Harry Potter and the Deathly Hallows: Part 2 (12A, 130 mins)
Director: David Yates
★ ★ ★ ★ ★
It’s been ten years, with eight films from four directors, over six billion dollars in the bank so far, and another billion to come with this one. But the Harry Potter saga finally draws to a close, and it’s been some ride, with frequent highs (Prisoner of Azkaban, Half-Blood Prince) and only the very occasional lows.
Has it been worth the journey, the investment? This majestic final chapter proves that the answer is an unequivocal yes, and we’ve been left with an octology the likes of which cinema has never seen, and never will again.
It opens with a very swift recap of how Part 1 ended, as Voldemort (Ralph Fiennes) gets his hands on the Elder Wand, one of the three components of the Deathly Hallows that will grant him unstoppable power. But that’s your lot in terms of backstory, and if you haven’t seen every film up until this point, well then you really ought to remedy that before coming anywhere near this, because you’re going to be lost.
One such is thought to be in a vault at the goblin bank, the starting point for a first rate early action sequence involving mine carts and a very angry dragon. To find the others, they need to get into Hogwarts, which is on lockdown, surrounded by Deatheaters and Dementors, with the treacherous Snape (Alan Rickman) now installed as headmaster.
All hope is almost gone, the Order of the Phoenix has been disbanded, and it’s all incredibly grey and mournful. Everyone is putting their faith and life in the hands of Harry Potter, who has grown from a frightened boy to a powerful wizard, attaining an almost messianic status in the process.
The fear was that the ball was dropped in the first part of Deathly Hallows last year, which was all talk and little forward momentum. But with all the moping out of the way in the first part, we’re left with an action extravaganza.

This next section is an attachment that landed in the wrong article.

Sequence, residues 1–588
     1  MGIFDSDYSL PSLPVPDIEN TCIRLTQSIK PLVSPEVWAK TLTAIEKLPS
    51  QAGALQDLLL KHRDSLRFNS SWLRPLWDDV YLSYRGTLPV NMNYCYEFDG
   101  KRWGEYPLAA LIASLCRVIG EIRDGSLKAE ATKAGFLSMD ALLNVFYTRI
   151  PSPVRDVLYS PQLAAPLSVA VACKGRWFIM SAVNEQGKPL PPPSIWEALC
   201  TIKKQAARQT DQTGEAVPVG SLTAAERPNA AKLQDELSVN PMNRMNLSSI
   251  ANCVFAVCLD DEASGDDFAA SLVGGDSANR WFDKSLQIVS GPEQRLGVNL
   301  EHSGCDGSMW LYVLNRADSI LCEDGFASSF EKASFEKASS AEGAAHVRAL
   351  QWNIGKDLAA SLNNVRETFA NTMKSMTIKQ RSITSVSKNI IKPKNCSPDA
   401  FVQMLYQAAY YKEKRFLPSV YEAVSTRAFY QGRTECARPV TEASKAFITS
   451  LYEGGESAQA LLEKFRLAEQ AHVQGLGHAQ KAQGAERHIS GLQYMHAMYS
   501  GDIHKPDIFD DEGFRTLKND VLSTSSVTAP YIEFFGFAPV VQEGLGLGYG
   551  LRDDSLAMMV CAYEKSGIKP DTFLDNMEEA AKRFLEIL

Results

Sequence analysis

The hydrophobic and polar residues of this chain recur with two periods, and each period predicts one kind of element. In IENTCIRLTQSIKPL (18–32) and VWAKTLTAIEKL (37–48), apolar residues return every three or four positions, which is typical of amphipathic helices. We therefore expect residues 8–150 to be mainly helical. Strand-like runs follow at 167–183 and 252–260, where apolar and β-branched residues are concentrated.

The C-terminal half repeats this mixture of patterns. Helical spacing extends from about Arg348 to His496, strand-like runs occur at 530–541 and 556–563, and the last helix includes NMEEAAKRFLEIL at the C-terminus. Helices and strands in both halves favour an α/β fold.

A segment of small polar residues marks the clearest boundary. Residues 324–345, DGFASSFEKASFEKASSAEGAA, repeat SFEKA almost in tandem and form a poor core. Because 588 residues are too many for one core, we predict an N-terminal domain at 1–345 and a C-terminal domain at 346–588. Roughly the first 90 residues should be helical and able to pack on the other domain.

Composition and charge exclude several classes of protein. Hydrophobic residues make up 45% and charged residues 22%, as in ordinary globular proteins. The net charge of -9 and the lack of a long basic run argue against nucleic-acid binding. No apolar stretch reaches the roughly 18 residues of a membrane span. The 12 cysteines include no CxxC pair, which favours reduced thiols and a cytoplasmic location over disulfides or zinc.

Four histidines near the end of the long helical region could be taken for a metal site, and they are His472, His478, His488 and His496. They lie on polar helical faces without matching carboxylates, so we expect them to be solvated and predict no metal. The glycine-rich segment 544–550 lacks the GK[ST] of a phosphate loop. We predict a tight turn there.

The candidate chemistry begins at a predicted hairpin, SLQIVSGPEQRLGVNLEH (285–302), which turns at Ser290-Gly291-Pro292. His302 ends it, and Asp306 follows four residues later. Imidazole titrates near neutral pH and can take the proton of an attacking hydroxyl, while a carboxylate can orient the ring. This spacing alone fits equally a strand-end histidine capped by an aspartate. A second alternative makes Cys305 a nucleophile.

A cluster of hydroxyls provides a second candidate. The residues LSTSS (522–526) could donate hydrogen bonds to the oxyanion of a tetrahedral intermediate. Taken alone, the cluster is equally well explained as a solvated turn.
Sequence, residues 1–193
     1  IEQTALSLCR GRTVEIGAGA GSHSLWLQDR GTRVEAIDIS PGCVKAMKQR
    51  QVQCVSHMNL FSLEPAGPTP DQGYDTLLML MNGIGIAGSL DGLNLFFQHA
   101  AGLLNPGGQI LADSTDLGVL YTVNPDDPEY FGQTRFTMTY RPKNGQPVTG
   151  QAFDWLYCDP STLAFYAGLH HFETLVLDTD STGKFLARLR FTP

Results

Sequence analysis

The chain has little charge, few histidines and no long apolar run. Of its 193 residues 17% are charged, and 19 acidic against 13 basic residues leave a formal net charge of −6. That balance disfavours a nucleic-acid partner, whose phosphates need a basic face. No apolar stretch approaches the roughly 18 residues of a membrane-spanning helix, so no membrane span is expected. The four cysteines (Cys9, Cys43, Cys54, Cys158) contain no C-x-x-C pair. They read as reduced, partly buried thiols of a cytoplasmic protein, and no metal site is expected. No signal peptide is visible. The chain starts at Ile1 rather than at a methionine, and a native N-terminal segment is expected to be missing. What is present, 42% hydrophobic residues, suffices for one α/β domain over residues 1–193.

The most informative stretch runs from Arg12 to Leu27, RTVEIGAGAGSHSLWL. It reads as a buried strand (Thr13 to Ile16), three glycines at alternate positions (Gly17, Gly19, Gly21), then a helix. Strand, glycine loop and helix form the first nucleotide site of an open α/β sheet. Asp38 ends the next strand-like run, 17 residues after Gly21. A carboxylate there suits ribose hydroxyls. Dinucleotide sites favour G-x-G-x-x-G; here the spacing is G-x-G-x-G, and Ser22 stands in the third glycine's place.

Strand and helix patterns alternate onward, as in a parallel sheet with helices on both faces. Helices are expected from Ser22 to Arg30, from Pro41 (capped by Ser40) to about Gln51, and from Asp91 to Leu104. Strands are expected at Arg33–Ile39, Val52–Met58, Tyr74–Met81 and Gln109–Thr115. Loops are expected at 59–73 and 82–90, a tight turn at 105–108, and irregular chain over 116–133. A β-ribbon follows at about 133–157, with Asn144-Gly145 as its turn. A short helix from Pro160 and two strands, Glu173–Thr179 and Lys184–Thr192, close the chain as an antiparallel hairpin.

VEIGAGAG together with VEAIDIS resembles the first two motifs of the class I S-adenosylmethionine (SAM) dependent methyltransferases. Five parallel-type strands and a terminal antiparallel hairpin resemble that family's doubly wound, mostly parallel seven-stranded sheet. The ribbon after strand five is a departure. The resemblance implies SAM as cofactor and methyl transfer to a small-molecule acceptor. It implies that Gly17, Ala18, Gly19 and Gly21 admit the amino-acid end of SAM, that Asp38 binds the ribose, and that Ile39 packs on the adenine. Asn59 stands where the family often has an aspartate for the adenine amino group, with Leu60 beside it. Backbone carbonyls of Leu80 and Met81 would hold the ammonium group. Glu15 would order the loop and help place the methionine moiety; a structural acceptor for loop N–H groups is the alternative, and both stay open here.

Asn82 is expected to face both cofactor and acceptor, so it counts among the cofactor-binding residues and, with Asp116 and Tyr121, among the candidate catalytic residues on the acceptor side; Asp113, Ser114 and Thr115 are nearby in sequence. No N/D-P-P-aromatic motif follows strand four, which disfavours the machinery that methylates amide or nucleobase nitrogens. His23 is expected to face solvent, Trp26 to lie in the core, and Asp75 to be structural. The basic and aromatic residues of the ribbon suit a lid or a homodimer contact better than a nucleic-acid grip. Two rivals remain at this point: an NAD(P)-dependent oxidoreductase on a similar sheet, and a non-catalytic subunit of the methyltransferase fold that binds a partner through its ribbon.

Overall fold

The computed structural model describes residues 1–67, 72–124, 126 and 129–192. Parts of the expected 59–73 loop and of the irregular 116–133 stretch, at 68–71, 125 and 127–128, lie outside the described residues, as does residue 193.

School’s out forever, and this is the final all-out battle between good and evil. Clashes between characters that have been a long time coming prove to be awe-inspiring, and there are consequences and copious amounts of death in a colossal adventure that simply rattles along.
And yet amid all the explosions and wand battles, somewhere in the middle we manage to find time for what will come to live in legend as the signature sequence of the entire series. Giving too much away would be grossly unfair for those who don’t know what’s coming, but just know that it involves Snape, some flashbacks and some home truths, as twists and revelations hit like hammer blows.
Spending a decade and almost 20 hours of screen time with these characters has made them part of our lives, a theme that filters into the film itself. The saga has grown in depth and richness from colourful cartoons for children to parables of the bonds of friendship, family and love, until eventually it gets to a point where you realise you don’t want it to end.
And unlike Lord of the Rings, it doesn’t get bogged down in a dozen different finales that feel the need to give everyone a closing monologue. Instead there’s dignity, a quiet grace and a few tears. It’s a fitting culmination to a monumental achievement and everyone involved should feel immensely proud.